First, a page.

Leader comment: Investment needed to get cities moving

Slow driving speeds are only one part of the problem as Edinburgh and Glasgow grapple with growth

A report shows Edinburgh has the third slowest commute in the UK behind London and Manchester. Picture: Jane Barlow

A new report has found that Edinburgh is one of the slowest cities in the UK in which to drive. Average speeds within a one-mile radius of the city centre are just 6.64mph, putting Scotland’s capital behind only London and Manchester in a UK speed table.

In Glasgow, speeds are only fractionally higher at 6.84mph, having dropped from 8.56mph a year ago.

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While the study will doubtless prompt many people to ask why Edinburgh City Council bothered introducing 20mph limits, the wider issue for both of major cities is that gridlock in and around our cities is bad for the economy and for pollution levels.

Edinburgh has unique problems: a castle in the centre of the city forces traffic around it and our historic city centre – with sometimes narrow, cobbled streets – is less than ideal for cars and buses.

But even within a five-mile radius of the centre of the capital, which reaches to outlying areas such as Hillend and Newcraighall as well as parts of the City Bypass, commuters are still facing typical speeds of just 12.38mph.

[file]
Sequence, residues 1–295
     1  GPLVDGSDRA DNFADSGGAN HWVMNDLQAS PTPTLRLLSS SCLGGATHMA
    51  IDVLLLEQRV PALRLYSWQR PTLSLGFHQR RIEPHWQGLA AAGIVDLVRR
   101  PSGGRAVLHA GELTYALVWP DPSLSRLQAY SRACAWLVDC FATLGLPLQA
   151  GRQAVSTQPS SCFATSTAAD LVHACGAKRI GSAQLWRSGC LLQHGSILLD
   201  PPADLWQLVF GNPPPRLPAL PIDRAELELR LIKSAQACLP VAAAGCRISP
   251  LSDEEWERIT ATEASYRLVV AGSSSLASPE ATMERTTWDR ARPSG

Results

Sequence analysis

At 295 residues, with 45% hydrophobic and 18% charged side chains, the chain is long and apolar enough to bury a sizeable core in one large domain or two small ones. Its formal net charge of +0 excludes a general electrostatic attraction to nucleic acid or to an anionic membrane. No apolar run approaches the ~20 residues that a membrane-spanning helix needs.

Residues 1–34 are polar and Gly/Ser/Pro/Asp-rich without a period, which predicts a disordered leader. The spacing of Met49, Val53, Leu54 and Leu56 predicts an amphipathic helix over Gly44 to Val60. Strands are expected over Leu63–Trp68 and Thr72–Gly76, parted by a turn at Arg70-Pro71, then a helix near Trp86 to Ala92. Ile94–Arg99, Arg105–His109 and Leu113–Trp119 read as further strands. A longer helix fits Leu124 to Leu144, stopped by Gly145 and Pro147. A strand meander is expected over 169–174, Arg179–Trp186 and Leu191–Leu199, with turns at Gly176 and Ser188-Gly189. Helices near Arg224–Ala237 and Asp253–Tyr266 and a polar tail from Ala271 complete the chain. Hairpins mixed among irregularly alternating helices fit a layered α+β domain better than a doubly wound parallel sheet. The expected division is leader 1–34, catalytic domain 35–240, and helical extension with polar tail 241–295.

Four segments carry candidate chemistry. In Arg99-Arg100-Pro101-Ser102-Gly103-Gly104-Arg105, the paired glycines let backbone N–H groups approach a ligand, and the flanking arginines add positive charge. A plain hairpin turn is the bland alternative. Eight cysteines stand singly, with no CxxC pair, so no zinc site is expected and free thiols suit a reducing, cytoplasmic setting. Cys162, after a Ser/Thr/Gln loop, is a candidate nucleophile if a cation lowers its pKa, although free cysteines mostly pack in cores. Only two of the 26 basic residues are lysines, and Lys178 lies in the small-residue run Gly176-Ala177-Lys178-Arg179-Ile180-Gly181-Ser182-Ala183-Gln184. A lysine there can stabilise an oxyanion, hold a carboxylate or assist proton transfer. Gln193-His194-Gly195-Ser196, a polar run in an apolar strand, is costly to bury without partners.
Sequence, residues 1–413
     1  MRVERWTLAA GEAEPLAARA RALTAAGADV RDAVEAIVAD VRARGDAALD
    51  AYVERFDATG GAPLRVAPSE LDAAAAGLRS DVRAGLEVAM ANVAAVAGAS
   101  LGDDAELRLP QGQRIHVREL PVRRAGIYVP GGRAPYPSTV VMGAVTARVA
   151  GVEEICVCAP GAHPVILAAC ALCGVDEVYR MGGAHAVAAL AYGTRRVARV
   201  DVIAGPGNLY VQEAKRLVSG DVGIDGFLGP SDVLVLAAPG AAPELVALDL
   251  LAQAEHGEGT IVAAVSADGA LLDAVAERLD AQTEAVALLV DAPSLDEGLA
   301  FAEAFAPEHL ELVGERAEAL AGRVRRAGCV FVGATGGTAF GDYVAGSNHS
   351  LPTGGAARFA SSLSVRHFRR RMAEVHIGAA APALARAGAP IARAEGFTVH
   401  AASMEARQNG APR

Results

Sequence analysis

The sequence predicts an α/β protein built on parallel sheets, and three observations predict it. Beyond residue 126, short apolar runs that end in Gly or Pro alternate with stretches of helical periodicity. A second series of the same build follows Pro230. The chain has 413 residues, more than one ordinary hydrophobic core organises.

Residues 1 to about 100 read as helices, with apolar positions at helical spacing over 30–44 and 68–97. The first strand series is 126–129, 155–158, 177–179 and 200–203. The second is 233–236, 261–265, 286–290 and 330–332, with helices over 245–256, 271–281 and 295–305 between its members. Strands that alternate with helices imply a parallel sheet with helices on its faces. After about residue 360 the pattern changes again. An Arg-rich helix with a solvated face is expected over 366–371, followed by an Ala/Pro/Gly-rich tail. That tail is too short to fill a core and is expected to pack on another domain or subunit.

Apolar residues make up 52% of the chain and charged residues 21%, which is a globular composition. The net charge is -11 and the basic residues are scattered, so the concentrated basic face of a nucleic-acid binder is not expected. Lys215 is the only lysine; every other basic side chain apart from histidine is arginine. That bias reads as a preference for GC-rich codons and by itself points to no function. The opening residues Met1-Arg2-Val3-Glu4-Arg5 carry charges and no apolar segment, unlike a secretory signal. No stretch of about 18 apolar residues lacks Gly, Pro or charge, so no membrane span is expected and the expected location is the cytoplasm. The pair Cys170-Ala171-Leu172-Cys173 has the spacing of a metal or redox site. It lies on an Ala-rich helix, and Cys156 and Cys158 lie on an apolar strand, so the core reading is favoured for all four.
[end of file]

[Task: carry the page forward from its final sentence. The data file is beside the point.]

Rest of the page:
The wider problem for Edinburgh is that the city’s population is growing. There is a need for more housing and much of this is being built in East, West and Midlothian. The majority of these people then commute into the city daily, extending the rush hour and making travel more painful for all.

Edinburgh’s Trams were pilloried by many but the notion of a forward planned public transportation system is sound. Fast, reliable alternatives to the private car are necessary and the extended line down Leith Walk should help with this.

The Borders Railway, with stops in Midlothian, should be of benefit, while investing in safer and easier cycling and walking routes is also key. That’s the carrot.

The stick in Edinburgh was supposed to be a congestion charging scheme that would raise millions of pounds in additional revenue to help pay for improvements, but that was roundly rejected by Capital residents.

Expensive options, therefore, are more limited.

But sitting and waiting for speeds to drop even further will harm business, the wider economy and make the lives of residents in Edinburgh and Glasgow even more difficult.

Connectivity is the key in the 21st century – whether via fibre or road.

We must invest in both now to keep our cities moving.